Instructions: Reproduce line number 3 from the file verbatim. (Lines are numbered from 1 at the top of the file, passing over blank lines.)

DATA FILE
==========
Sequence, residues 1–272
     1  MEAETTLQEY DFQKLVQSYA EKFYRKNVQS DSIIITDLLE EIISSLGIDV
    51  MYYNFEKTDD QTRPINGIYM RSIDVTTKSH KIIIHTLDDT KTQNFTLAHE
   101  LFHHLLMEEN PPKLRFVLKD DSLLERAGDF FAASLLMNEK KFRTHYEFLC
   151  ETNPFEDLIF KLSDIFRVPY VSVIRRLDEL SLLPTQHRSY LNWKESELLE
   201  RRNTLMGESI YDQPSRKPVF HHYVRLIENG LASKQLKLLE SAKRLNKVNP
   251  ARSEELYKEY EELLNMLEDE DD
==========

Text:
    51  MYYNFEKTDD QTRPINGIYM RSIDVTTKSH KIIIHTLDDT KTQNFTLAHE